The only way to test the sincerity of what Ahmadinejad is saying is to reinvigorate diplomacy.  If Iran is bluffing, the U.S. can demonstrate that to the world and increase international pressure for Iran to get serious.  And if Iran isn’t bluffing, then we’re getting somewhere.

  • 10 May 2010
  • Posted By Setareh Tabatabaie
  • 2 Comments
  • Afghanistan

Iran Interested in Stable Afghanistan…For Now

The Sunday Times has recently claimed that Iran has been involved in training insurgents in Afghanistan to kill NATO troops. This claim has in turn been repeated by various other news sources like FOX News, The Australian, Global Times, Taipei Times, etc.

But the source of this allegation is two Taliban commanders. How kind of the Taliban to go and willingly volunteer this information to the media:

“Taliban commanders have revealed that hundreds of insurgents have been trained in Iran to kill Nato forces in Afghanistan.

The commanders said they had learnt to mount complex ambushes and lay improvised explosive devices (IEDs), which have been responsible for most of the deaths of British troops in Helmand province.

The accounts of two commanders, in interviews with The Sunday Times, are the first descriptions of training of the Taliban in Iran.

According to the commanders, Iranian officials paid them to attend three-month courses during the winter.”

I’m not saying that there is no possibility that Iran has provided some support for the Taliban in Afghanistan — it’s possible, and I’m not a CIA agent, so I don’t know for sure.  But I am saying that the Taliban isn’t exactly the most trustworthy source when it comes to Iran.

The Taliban and Iran have historically been enemies. In fact, after the Taliban came to power in 1996, Iran’s Supreme Leader Ayatollah Khamenei denounced the group as an affront to Islam.

When in power, the Taliban backed Sunni Islamist militants who were launching attacks against the Iranian regime, which is based on Shi’a Islam. In addition to such attacks, the Taliban has also received strong backing from Saudi Arabia’s fundamentalist Wahhabi rulers, who are allies of the United States, and with whom Iran constantly competes for influence in the region.

It should also be noted that in 1998, the Taliban captured Mazare Sharif and massacred thousands of Hazara civilians, mainly Shi’a, as well as nine Iranian diplomats.  Following this attack, Afghanistan and Iran nearly went to war as both countries mobilized troops along their shared border.

Thus, not only is the Taliban an ideological threat to the Islamic Republic, but the Iranians also view them as a threat to Iranian security.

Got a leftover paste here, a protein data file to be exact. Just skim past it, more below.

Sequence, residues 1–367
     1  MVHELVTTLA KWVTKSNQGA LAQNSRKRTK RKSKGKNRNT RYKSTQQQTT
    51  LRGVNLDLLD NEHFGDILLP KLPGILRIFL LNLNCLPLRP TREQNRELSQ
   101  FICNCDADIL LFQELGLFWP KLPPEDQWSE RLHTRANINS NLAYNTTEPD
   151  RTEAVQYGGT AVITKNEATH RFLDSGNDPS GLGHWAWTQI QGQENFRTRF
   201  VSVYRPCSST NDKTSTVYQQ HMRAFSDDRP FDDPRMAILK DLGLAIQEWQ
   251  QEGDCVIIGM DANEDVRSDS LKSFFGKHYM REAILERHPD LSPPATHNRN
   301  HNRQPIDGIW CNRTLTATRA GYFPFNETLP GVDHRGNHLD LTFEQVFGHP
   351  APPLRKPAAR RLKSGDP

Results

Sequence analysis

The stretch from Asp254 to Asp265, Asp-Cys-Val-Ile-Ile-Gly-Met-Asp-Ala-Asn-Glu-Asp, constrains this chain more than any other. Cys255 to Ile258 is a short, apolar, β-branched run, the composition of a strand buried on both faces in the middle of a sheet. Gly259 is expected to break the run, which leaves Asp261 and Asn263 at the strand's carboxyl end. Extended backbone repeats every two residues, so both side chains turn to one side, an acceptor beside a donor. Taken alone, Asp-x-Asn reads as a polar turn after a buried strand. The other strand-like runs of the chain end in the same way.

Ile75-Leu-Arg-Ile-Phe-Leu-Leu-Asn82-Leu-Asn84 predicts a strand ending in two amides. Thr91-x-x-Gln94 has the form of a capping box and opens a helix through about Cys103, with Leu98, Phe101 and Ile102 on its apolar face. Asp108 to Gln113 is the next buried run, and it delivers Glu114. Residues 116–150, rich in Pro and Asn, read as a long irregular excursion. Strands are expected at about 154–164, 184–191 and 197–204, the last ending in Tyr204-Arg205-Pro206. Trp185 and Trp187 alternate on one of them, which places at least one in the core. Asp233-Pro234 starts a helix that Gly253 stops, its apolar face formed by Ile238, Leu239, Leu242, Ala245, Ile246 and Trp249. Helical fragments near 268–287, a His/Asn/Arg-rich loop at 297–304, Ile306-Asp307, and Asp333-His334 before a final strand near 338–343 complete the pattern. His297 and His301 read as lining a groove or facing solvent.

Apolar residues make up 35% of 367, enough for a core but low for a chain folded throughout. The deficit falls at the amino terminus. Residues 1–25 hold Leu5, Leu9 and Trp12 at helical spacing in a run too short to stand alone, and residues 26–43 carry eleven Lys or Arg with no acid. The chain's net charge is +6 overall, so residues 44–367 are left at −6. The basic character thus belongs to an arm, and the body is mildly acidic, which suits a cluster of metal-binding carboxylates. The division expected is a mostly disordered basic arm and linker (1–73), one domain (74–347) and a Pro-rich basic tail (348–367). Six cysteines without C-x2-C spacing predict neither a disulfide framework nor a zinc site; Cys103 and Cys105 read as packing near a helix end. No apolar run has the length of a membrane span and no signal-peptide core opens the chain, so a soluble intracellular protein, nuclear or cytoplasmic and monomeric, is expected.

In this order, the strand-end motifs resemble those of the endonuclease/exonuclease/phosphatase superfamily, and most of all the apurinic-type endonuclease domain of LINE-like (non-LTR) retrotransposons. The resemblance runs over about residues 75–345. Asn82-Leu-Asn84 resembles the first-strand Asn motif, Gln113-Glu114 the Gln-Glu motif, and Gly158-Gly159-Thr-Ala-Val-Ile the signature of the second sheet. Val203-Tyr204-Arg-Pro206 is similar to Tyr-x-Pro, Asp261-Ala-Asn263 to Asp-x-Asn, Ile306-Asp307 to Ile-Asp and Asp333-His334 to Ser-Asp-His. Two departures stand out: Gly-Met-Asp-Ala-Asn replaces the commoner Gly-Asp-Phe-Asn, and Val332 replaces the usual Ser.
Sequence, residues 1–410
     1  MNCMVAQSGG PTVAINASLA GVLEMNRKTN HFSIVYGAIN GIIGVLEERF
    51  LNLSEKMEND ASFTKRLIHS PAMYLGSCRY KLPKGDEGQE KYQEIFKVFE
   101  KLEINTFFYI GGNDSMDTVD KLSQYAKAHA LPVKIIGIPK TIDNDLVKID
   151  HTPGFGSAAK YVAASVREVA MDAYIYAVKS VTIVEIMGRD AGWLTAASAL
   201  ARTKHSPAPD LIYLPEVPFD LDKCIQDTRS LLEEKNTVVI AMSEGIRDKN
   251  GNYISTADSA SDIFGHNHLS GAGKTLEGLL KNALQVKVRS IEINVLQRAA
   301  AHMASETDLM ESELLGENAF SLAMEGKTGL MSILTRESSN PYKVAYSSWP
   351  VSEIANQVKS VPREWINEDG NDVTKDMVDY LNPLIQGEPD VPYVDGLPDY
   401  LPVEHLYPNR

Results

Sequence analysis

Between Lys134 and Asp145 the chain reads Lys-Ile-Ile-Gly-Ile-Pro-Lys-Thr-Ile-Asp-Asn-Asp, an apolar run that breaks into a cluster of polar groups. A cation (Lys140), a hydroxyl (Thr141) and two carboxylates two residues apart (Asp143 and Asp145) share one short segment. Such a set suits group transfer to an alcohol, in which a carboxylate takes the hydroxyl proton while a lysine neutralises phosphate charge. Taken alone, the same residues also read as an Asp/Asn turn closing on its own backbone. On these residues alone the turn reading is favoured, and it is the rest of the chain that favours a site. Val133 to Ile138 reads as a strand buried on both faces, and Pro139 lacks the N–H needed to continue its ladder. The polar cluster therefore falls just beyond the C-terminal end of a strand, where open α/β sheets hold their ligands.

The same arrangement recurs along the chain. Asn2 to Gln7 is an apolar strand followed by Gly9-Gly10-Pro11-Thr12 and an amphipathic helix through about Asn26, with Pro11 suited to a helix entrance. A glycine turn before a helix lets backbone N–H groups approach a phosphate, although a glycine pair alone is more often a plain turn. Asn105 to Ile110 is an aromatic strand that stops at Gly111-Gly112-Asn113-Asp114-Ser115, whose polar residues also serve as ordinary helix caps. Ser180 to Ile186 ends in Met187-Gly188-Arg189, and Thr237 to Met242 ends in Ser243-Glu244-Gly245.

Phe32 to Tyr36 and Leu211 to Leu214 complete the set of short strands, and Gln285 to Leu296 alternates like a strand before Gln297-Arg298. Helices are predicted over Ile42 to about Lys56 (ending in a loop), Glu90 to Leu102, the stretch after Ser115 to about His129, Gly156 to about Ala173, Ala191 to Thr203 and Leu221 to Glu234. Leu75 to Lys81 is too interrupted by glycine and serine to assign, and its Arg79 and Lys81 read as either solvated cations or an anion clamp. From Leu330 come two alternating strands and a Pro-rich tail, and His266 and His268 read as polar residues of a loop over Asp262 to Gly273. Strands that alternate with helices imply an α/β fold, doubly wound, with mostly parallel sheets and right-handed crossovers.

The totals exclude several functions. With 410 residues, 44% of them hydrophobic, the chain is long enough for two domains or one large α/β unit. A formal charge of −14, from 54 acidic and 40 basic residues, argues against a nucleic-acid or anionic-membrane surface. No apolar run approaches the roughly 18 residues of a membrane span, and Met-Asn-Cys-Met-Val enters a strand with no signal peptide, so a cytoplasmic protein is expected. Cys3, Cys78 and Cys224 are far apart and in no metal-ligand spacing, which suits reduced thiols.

Which is why Iran has been heavily involved in rebuilding Afghanistan following the war to overthrow the Taliban in 2001 (which Iran assisted). Currently, Iran and Afghanistan’s engage in more than $1.3 billion in bilateral trade. Additionally, according to the Trade Promotion Organization of Iran, four percent of Iran’s total exports in 2006 went to Afghanistan, accounting for more than $503 million. Tehran’s aid also has certified joint investment companies, sponsored food fairs, opened cement factories, extended purchase credits to traders, and trained commercial pilots.

An additional concern of Iran is the large number of Afghan refugees that have been in Iran since the Soviet Invasion in 1979. While the Afghan refugee population in Iran has decreased since the fall of the Taliban, the UNHCR still reported approximately 933,500 registered Afghan refugees in Iran in June 2009.

General public opinion in Iran is that the Afghan refugees pose a significant burden and it is time they return to Afghanistan. This is reflective of both high levels of unemployment in Iran and the general concern over increasing drug smuggling and violence on the border.

Obviously, then, Iran recognizes that it is in its interest to promote a stable Afghanistan. This is a huge opportunity for mutual cooperation between the US and Iran, and one that deserves to be pursued further.

According to most experts, there is in fact one thing that could cause Iran to fully and enthusiastically throw its support behind its enemy, the Taliban: a US attack.

  • 3 December 2009
  • Posted By Patrick Disney
  • 6 Comments
  • Afghanistan, Diplomacy, Human Rights in Iran

What Obama didn’t say on Tuesday night

photo credit: The White House, Pete Souza

Tuesday night, President Obama delivered a much-anticipated speech on the situation in Afghanistan.  He announced that he will be sending 30,000 additional troops in the first part of 2010, and will begin withdrawing troops in the Summer of 2011.

The speech made no direct references to Iran, and only vaguely touched on Obama’s nuclear nonproliferation strategy in general.  But according to Jim Fine at the Friends Committee on National Legislation, President Obama “missed a golden opportunity” in the speech to kick-start the stalled diplomacy with Iran.

In October, 2001, American military and diplomatic officials began meeting privately with officials from Iran to discuss the impending war in Afghanistan.  Following the September 11th attacks, America’s mission in Afghanistan was to root out al Qaeda and overthrow the Taliban–a mission that Iran shared with us and actually supported.